In the past two weeks, there have been approximately 1,000 flu or pneumonia-related deaths in the US. This is up from 100 deaths weekly on the previous two weeks. This is due to the sharp increase of infected cases from the opening of schools. With that in mind, the extent of the H1N1 virus is vastly overrated and its virulence is definitely underrated. Hospitalized patients have faced a mortality rate approaching 10%, and the overall mortality seems to be hanging around 1%*. If this holds true during the extent of the virus, millions could die in the US alone.
The reason behind this is generally unknown, but there is significant evidence that the flu is mutating. It has shown increasing Tamiflu resistance and a mutation that increases transmissibility in colder temperatures, meaning a higher viral load (and worse outcomes) as the temperature drops in the Northern Hemisphere. There is another unnamed mutation that was reported in two US fatalities, but the sequences have not been released. The virus, contrary to what the CDC has been saying, is highly unstable and capable of mutation. There are several strains circulating around the world right now, and the US seems to be hit particularly hard.
Studies have shown that it is over one hundred times more effective than seasonal flu when in the lungs. Some health officials have referred to it as avian flu on steroids. That said, the flu can survive outside of the lungs, which is why we also see a good amount of mild cases. If it stays in the upper respiratory system, then you're likely to survive.
If it goes into your lungs, however, your odds of dying could be over 8%. Once ARDS (acute respiratory distress syndrome) happens, you have a 50% chance of dying. The reason this happens is because the flu burrows deep into the lungs and destroys the alveoli, which can cause the lungs to fail. The lungs of the deceased have frequently been cited as highly blistered and excessive bleeding or fluid build up in the lungs is often said to be a cause of death. It is not uncommon for people to cough up blood because of the cellular damage caused by the immune response (and the virus itself).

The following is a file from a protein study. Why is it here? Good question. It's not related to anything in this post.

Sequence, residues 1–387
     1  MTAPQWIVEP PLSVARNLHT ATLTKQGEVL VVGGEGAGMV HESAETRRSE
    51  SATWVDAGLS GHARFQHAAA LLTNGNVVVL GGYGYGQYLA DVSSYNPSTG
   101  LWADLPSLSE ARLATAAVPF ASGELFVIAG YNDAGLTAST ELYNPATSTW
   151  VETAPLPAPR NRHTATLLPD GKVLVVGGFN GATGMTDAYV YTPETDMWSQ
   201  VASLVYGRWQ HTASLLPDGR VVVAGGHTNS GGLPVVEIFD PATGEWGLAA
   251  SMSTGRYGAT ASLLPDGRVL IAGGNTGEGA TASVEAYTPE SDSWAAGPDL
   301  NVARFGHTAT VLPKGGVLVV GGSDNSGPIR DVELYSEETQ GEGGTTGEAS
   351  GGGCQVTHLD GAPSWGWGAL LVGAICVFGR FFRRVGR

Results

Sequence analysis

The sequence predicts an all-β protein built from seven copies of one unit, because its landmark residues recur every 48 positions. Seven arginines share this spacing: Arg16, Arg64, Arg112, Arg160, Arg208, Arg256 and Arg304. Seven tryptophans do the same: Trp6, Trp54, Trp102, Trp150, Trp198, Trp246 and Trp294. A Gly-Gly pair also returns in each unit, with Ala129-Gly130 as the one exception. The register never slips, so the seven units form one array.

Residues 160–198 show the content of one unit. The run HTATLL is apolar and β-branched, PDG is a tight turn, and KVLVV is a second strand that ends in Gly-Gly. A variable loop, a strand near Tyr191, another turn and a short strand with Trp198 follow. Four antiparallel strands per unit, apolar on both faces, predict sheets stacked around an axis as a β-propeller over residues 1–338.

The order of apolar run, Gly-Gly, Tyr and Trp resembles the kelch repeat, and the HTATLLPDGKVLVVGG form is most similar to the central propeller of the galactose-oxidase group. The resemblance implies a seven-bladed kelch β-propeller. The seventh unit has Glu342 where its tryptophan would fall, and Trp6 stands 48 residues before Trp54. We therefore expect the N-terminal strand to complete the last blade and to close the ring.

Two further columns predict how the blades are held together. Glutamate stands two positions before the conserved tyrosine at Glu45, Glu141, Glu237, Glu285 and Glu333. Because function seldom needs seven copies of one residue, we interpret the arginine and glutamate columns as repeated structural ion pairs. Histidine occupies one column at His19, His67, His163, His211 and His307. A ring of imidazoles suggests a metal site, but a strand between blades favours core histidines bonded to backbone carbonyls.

Another cause of death has been multisystem organ failure, which can occur from a lack of oxygen in the blood or from a secondary bacterial infection causing septicemia or similar. Which brings me to another point: H1N1 isn't always listed as the cause of death because it often paves the way for secondary infections. Bacterial pneumonia is a common secondary infection, especially if the patient has been on a ventilator for some time or if they spent time in a hospital. Strep throat and MRSA (staph infection) are other common co-infections and causes of death in people with H1N1. Studies have shown that co-infection with seasonal influenza can significantly increase the mortality rate.
The above, coupled with the fact that rapid tests are sometimes less than 50% sensitive to Influenza A means that a lot of people are misdiagnosed and not treated with Tamiflu on time. It also causes some deaths to go unreported. Strep throat, for example, is not viewed as a dangerous disease but it can be when coupled with H1N1. Be wary and get multiple opinions or tests if you don't recover quickly. A common sign of bacterial co-infection is a brief period of recovery followed by increased illness.
Remember that bacterial co-infection is the most likely way for swine flu to kill you.
Re: How Does Swine Flu Kill You? Prevention Tips
Apne very detailed article Swine Flu ke bare
main pesh kiya hai. Naz batate hai, only 75
in Pakistan main . Ye to kuchbhi nain. It can
be controlled by implimenting necessary
precautions and taking its vaccine.
In India there may be thousand of cases,
so far not controlled. It is a very largely
say, more than 100 crores population and
its controlling seems very difficult. Due to
low winter season year, its bactiria or virus
is still active. In Pak the position appears to
be controlable. Thanks a lot.